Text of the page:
Tuesday, February 17, 2009

The Soul of Merton 2-17-09

Inspired by my readings of "Contemplative Prayer" and "Contemplation In A World Of Action" by Thomas Merton

In the opening chapter of Contemplation In A World Of Action, Merton speaks about the concerns of the monastic renewal occurring across the Christian world in the period following WWII.

He makes it clear that there are few sure answers on how to restore the monastic life in the Western world, saying that there must be a balance between a moderb updating of the institutional and the external structures, while keeping at the essence the focus on the internal spiritual development of the fortunate individuals who have taken to their calling from God.

Above all, he calls for a re-focusing on the engagement of the monk with the secular world in service, making sure that the new orders do not fall into the previous traps of becoming "retirement homes."

We face a similar process of monastic renewal in ISKCON, especially in North America, where a small but brave group of souls attempt to restore the peerless purity of brahmacari life in service to Srila Prabhupada.

In the three short weeks since I've been here at the Bhaktivedanta Ashram on the Lower East Side of Manhattan, the feeling is strong that we are on the cusp of a real explosion of outreach and connection with the spiritual peoples of this concrete jungle.

We've even been inspired by the association of HG Ramesvar Prabhu, Prabhupada disciple and former BBT head, who said to us that the flavor and potency of our ashram fills his heart with the same mood of his glorious days with Prabhupada. We do all we can to live up to such lofty standards.

Merton's own insights into a healthy, vibrant monastic atmosphere parallel the mood we are trying to create, as individual renunciates and as a community. He writes:

"The charism of the monastic life is the freedom and peace of a wilderness existence, a return to the desert that is also a recovery of inner paradise. This is the secret of monastic 'renunciation of the world'. Not a denunciation, not a denigration, not a precipitous flight, a resentful withdrawal, but a liberation...The monk simply discards the useless and tedious baggage of vain concerns and devotes himself henceforth to the one thing that he really wants: the quest for meaning and for love, the quest for his own identity, his secret name promised by God"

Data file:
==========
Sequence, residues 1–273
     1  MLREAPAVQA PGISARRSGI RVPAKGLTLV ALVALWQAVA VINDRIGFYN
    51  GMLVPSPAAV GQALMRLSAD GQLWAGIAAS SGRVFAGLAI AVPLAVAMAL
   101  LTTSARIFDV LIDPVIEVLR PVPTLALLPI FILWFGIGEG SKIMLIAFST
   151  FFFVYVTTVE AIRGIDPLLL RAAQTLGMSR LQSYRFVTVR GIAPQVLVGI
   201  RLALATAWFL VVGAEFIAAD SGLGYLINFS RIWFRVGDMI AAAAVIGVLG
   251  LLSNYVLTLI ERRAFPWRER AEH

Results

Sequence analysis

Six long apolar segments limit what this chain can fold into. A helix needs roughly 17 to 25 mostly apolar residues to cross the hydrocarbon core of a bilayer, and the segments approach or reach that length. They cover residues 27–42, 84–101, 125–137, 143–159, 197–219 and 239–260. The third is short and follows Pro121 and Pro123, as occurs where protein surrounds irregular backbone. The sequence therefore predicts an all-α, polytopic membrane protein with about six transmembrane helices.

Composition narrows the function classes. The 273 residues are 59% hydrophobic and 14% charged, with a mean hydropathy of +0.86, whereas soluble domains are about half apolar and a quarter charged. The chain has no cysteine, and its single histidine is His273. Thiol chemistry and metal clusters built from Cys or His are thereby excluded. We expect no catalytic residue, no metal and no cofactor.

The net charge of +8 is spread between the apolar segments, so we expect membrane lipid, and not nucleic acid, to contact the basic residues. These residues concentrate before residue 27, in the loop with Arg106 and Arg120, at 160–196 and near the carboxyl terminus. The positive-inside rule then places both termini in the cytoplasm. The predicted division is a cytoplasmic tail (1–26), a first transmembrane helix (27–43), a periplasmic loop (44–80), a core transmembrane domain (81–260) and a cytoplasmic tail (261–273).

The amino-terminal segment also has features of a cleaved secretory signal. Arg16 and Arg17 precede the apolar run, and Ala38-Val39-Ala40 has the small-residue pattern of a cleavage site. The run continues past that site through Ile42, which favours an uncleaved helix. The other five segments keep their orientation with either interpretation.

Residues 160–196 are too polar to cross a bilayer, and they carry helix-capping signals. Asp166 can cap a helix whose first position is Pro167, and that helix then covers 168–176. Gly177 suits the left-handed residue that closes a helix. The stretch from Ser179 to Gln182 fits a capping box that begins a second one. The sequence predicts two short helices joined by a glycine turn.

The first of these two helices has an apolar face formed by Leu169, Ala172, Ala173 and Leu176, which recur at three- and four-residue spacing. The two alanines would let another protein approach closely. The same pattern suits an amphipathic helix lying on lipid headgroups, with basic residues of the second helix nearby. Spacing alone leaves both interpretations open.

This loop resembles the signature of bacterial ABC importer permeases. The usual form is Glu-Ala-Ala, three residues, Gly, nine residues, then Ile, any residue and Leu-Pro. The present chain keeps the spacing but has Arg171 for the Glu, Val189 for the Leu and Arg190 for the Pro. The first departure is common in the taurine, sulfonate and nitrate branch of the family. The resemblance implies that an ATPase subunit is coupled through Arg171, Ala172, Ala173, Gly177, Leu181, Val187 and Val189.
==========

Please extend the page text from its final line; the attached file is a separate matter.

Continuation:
In the wilderness of Manhattan, we echo in action Merton's pleas for the balance of the external and internal: a desperate, focused intensity on our sadhana, combined with traditional outreach such as book distribution and college outreach spiced with bold and aggressive progressive programs such as our Tuesday and Fridays "Experience Transcendence" community get-togethers, as well as spiritual newspapers and open mics.

Above all, inspired by the love and brotherhood represented by the brahmacaris of ISKCON Chowpatty under the guidance of HH Radhanath Swami, we strive to create the same bonds of care and intimacy, automatically attractive, just like Krsna, to anyone who wants to experience it.

Merton writes of community:

"The monastic charism is not, however, one of pure solitude without any community. It is also a charism of brotherhood in the wilderness...This closeness is understood as being, at least ideally, a very human and warm relationship...a grace of communion in a shared quest and a participated light...of special love and of mutual aid in the attainment of a difficult end...Monsatic work, obediance, poverty, chastity, are all in some way colored and tempered by the communal charism of brotherhood in pilgrimage and in hope."

It is essential and clear that, in this age of quarrel and hypocrisy, that if we don't restore and\or create the community of brahmacarya, then it will be quickly swallowed up the vagaries of attractions and attachments.

Merton also hits the nail on the head to the mood of our ashram when he writes:

"The new monastic communities will need to be much more democratic than in the past. The abbot will have to be a spiritual father, not a prelate, a police chief and a corporation president rolled into one. The monks will have to have much more initiative in running their own lives...The superior can no longer arrogate to himself the right to do all his subjects' thinking for them and make all their decisions for them."

In our own ashram, HG Yajna Purusa Prabhu gives us fully his heart and his wisdom in leadership, soft as a loving father but secure and strong enough in his own convictions to provide this ideal vision and to prevent it from coming out of balance. He lets us explore our own individual talents and capacities in service to Krsna whilst always making sure we never stray from our core.

As you may be able to understand, my inspiration in all this sharing of the soul of Merton is that his writings are clearly in line with the vision and mood of what I am experiencing now here in NYC, and with what we as a community are trying to do.

His vision is universal, mature, and dynamic, and holds no major conflict with Prabhupada's own vision of a powerful brahmacari force spreading Krsna Consciousness far and wide in the Western world. We simply and humbly walk in their footsteps.

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